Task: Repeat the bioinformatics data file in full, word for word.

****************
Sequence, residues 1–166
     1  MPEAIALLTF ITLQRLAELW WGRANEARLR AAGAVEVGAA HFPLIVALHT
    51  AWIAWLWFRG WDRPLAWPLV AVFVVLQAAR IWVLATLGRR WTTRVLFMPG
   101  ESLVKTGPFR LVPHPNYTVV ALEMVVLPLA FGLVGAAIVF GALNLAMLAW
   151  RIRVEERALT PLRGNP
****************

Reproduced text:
Sequence, residues 1–166
     1  MPEAIALLTF ITLQRLAELW WGRANEARLR AAGAVEVGAA HFPLIVALHT
    51  AWIAWLWFRG WDRPLAWPLV AVFVVLQAAR IWVLATLGRR WTTRVLFMPG
   101  ESLVKTGPFR LVPHPNYTVV ALEMVVLPLA FGLVGAAIVF GALNLAMLAW
   151  RIRVEERALT PLRGNP